Benton County was the target of a $740,000 scam in which thieves pretended to be a building contractor working with that government. The cybercriminals were based in India, officials reported.
(TNS) — A fraudster who stole $740,000 from Benton County concocted an elaborate scheme with very detailed knowledge of a contractor working on county projects.
It’s a scam that keeps tripping up public agencies.
Ellensburg officials fell for it last year, sending $186,000 to a bogus account.
And a few years ago, Pacific Northwest National Laboratory in Richland fell victim to the same con for $530,000.
“Human beings are trusting and they want to believe the best in everybody and rely on everybody to do a good job, and that’s the thing that these hackers take advantage of,” Kathleen Cooper, spokeswoman for the Washington State Auditor’s Office, told the Tri-City Herald.
“We’re all vulnerable to it in our personal lives and at work too. Just raising people’s conscience of, ‘Don’t click on something that you don’t recognize,’ will go a really long way.”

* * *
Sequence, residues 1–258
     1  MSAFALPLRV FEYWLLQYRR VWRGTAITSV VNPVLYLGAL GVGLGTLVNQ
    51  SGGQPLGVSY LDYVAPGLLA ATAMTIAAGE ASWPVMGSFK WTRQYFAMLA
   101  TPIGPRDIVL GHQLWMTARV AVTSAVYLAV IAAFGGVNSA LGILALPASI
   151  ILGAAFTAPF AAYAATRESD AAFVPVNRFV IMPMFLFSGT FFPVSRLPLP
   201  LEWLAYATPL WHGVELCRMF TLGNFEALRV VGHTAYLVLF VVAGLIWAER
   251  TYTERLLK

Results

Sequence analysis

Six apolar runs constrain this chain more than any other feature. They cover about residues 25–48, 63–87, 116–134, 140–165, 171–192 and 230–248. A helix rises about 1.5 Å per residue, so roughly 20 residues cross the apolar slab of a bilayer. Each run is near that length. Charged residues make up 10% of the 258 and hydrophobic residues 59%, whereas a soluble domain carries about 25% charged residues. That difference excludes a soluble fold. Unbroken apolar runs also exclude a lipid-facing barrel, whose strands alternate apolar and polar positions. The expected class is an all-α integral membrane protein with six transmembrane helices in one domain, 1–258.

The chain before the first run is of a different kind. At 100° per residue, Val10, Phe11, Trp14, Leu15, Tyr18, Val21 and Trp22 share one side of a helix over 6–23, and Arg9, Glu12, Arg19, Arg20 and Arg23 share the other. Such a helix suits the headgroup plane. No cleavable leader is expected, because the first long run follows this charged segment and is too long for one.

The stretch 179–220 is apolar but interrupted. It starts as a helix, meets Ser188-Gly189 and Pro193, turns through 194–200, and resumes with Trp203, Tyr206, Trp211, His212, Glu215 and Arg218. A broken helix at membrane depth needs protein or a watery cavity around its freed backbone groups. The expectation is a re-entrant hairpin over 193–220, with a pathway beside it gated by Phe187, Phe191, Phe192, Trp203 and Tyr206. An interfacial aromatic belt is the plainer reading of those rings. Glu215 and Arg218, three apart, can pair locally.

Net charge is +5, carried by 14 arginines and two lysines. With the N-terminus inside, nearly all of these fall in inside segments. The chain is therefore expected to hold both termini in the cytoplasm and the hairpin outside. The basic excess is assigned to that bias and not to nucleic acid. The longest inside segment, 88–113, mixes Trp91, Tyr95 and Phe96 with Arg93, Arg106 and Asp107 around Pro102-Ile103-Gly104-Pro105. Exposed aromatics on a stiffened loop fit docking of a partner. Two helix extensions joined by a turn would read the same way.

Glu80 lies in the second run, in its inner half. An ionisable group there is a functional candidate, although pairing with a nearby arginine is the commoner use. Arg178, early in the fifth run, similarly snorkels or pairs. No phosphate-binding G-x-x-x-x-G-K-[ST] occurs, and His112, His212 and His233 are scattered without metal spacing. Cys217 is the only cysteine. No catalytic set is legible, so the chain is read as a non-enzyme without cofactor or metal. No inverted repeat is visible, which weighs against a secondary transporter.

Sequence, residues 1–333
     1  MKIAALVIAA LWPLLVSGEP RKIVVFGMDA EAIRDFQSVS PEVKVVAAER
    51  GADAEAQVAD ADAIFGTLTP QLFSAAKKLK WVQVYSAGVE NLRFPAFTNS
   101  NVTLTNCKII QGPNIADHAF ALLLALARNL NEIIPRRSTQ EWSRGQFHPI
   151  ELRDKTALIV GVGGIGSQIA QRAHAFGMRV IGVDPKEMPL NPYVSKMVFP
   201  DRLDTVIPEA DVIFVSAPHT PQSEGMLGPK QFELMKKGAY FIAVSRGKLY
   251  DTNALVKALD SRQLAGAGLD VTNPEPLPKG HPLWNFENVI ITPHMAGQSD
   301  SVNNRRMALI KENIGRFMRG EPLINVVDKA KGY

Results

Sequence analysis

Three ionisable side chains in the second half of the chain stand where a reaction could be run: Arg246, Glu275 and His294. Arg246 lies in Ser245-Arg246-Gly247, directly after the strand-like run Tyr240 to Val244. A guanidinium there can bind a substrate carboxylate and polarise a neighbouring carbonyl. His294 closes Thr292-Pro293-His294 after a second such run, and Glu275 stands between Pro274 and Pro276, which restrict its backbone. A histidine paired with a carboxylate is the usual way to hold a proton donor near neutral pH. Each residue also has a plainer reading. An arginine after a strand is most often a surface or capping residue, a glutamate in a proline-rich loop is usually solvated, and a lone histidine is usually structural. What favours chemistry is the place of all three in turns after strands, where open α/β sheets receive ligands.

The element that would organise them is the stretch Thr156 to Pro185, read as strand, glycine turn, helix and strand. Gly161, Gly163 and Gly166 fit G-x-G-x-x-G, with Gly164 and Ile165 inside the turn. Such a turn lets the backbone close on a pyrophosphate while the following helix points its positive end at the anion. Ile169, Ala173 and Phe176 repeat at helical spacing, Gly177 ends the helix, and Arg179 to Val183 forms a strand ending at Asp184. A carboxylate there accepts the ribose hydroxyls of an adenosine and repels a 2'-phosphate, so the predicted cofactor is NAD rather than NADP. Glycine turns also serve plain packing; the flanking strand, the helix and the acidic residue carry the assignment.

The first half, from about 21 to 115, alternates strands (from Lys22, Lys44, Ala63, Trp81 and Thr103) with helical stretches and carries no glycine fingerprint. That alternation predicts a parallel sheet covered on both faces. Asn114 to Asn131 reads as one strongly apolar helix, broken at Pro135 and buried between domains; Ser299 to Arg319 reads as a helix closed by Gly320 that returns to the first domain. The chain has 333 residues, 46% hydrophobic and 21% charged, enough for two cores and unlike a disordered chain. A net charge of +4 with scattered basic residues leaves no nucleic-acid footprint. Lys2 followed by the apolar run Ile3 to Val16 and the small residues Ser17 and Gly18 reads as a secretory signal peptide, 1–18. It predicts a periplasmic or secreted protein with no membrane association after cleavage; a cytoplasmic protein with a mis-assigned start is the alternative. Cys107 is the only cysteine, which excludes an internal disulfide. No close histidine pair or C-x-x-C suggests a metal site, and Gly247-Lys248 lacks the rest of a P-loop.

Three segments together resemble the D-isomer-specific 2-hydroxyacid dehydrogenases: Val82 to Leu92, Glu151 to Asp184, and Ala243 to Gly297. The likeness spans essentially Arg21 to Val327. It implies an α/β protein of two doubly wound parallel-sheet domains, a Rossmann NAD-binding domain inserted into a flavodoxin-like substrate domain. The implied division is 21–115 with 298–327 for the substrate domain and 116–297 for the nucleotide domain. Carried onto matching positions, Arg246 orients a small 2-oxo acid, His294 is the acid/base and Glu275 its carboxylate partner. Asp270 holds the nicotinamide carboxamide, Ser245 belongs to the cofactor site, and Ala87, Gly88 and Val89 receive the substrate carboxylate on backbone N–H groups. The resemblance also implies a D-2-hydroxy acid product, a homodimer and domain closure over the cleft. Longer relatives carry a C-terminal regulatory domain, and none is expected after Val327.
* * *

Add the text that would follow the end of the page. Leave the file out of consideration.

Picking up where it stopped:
In the Benton County case, the thief was traced to India. The person went so far as to create an online domain name using the Kennewick construction firm’s name — minus one letter, according to a document filed in U.S. District Court.
And the name on the fake email address was strikingly similar to the name of a real employee with the legitimate company.
The email claimed to be from an accountant with the construction firm.
Employees with the Benton County Auditor’s Office exchanged about 20 emails with the purported accountant over three weeks about a bill the county owed for several building projects.